By Jack Pine
So there I was, spending a week in October with my buddy Bo, one of the best Alaskan bush pilots I ever flew with, who at the time was the head pilot for one of the state’s fanciest, most deluxe fly-out fly fishing lodges. The seasons’ last clients had departed the day before, and in exchange for helping clean and winterize the lodge, I fished for free. (Believe me, the fly fishing for wide-shouldered rainbows and acrobatic grayling is so good here I would’ve shoveled shit to get in on it.) In the evenings, we’d skiff around the lake, looking for a moose for me to arrow. If it sounds like nirvana, that’s because it was.
But there is always a problem here. Brown bears. Lots of them.
The river begins at the lake the lodge sits on, and the surrounding mountains are where brown bears den in winter. You see them every day, fish right next to them, and try to keep them away from clients who think, just because they appear docile, they won’t swat your head off. They will. And as the human activity at the lodge peters out end-of-season, the bears tighten the noose, and before long, there they are, strolling along between the cabins, looking for snacks. When they smell food, they will do whatever it takes to explore where those odors come from; like rip doors off cabins, eat the wooden steps, bite holes in boats. That sort of thing.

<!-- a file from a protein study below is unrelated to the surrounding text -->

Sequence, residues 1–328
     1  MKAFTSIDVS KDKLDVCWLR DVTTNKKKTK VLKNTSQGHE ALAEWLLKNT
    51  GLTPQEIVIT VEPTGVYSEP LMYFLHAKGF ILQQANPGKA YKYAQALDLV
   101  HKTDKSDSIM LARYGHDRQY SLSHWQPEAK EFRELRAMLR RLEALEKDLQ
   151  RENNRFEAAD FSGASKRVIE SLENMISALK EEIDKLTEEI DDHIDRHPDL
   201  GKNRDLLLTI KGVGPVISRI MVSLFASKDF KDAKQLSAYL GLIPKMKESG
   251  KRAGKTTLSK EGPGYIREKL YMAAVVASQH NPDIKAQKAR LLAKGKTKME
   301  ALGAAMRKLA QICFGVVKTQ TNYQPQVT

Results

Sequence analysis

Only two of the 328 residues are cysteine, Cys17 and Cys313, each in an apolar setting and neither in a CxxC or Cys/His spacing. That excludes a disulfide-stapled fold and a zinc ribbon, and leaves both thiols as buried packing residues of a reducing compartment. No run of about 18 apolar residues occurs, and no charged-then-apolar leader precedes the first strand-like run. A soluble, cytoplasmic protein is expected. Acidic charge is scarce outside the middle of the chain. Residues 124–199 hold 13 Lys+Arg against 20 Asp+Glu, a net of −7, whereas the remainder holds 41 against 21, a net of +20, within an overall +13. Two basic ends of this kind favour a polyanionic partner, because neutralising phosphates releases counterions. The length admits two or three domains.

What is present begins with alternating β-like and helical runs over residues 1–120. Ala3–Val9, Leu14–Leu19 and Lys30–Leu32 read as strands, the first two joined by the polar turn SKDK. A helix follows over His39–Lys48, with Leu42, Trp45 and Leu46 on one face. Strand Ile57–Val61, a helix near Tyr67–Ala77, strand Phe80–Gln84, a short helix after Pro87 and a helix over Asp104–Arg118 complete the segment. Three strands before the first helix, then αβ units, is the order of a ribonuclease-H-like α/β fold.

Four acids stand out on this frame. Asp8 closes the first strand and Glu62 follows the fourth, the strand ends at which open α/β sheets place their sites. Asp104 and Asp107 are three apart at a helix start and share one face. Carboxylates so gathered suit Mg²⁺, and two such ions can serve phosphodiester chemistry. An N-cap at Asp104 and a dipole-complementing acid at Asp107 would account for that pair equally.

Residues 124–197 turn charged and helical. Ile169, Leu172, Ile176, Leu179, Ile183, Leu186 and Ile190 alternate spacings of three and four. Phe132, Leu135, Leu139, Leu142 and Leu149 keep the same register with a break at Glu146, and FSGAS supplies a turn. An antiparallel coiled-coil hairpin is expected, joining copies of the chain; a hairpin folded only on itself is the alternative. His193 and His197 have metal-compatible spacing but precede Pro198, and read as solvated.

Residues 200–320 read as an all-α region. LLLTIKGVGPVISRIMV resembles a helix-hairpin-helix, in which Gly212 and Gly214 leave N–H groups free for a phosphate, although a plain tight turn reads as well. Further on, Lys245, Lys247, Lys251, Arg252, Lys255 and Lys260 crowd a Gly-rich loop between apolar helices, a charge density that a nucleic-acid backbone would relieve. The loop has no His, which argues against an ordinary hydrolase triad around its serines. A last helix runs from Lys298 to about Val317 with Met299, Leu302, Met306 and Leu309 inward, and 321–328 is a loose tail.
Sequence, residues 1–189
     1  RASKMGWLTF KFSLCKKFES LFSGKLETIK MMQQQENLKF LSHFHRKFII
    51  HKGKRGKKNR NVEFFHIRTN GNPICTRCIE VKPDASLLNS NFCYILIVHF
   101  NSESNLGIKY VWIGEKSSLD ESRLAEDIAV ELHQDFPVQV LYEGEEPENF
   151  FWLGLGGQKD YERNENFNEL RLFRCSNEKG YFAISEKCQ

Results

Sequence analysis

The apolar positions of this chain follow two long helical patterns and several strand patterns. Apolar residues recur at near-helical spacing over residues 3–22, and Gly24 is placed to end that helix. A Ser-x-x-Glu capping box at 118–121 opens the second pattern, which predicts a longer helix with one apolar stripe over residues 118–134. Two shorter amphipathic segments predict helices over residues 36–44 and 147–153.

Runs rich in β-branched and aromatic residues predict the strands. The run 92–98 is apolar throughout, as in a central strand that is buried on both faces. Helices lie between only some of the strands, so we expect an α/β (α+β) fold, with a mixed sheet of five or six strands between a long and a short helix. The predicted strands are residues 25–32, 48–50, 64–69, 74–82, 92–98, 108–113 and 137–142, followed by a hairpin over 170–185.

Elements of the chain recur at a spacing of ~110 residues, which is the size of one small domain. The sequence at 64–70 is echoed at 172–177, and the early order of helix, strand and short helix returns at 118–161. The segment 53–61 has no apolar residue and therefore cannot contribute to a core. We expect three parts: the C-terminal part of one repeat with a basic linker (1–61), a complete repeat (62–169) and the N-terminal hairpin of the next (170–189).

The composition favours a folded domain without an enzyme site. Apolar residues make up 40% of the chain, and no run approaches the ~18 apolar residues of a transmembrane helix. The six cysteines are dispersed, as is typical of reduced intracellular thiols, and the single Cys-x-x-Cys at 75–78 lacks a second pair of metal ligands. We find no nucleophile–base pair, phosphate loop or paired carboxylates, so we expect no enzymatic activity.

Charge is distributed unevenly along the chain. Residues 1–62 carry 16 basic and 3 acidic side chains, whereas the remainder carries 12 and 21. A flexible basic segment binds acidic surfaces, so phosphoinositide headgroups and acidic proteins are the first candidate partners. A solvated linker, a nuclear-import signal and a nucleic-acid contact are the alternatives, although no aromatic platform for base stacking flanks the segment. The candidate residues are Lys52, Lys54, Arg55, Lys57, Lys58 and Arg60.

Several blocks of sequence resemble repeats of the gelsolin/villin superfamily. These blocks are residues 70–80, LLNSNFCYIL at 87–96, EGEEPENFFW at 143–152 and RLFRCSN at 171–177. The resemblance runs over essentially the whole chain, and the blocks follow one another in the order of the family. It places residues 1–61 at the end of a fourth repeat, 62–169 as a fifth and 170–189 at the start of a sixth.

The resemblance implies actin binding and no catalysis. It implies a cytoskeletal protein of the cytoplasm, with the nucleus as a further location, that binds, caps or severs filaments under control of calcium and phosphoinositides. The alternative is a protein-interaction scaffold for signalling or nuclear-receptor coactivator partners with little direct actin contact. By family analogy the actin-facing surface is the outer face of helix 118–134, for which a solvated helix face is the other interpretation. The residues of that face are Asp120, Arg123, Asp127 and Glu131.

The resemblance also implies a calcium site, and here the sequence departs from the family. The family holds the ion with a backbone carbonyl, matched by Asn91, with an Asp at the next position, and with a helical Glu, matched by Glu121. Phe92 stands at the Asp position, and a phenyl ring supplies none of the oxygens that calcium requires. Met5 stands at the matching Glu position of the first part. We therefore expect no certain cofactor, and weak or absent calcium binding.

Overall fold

So one afternoon after a day of cleaning cabins Bo and I decided to relax in the hot tub. I don’t know about where you live, but here, it’s damn-near against the law to hot tub without an adult beverage or three. On this particular day it was a nice small batch bourbon. It is also quite foolish, here in bear country, to go anywhere unarmed, so I had both my compound bow and my .375 H&H with me. Even hot tubbing naked, as we were.
By and by, one of the biggest brown bears I had ever seen came strolling into camp.
“We got to keep that sumbitch away from the main lodge,” Bo growled. So, he picked up the .375, and I grabbed my bow, nocked an arrow tipped with an old bludgeon point I use when stump shooting, and, at 35 yards, Whack! He took off like a scalded dog. We giggled like the dumbasses we were, and went back to the bubbles.
They say God watches out for fools, drunks and babies. Truth is, blunting a bear is better than killing him, but it’s also stupid. And it’s just one more reason to wonder: after all these years, how did I ever survive my time in Alaska?